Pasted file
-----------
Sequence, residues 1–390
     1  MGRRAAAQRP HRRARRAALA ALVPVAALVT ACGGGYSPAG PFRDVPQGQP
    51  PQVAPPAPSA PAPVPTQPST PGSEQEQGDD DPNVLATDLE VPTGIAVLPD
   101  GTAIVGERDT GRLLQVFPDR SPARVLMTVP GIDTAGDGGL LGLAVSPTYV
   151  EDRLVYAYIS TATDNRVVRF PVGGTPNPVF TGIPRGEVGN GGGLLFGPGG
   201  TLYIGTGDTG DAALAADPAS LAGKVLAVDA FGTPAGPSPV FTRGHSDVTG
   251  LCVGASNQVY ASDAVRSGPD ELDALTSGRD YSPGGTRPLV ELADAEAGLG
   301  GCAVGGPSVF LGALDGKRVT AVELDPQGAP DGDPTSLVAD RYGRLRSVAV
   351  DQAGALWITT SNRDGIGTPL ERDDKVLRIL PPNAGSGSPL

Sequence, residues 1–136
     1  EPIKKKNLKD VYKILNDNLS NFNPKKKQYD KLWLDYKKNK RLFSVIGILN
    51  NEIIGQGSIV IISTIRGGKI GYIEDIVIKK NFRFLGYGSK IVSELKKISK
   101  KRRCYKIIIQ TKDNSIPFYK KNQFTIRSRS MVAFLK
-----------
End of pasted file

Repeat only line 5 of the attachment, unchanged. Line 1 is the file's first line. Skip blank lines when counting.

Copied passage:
   151  EDRLVYAYIS TATDNRVVRF PVGGTPNPVF TGIPRGEVGN GGGLLFGPGG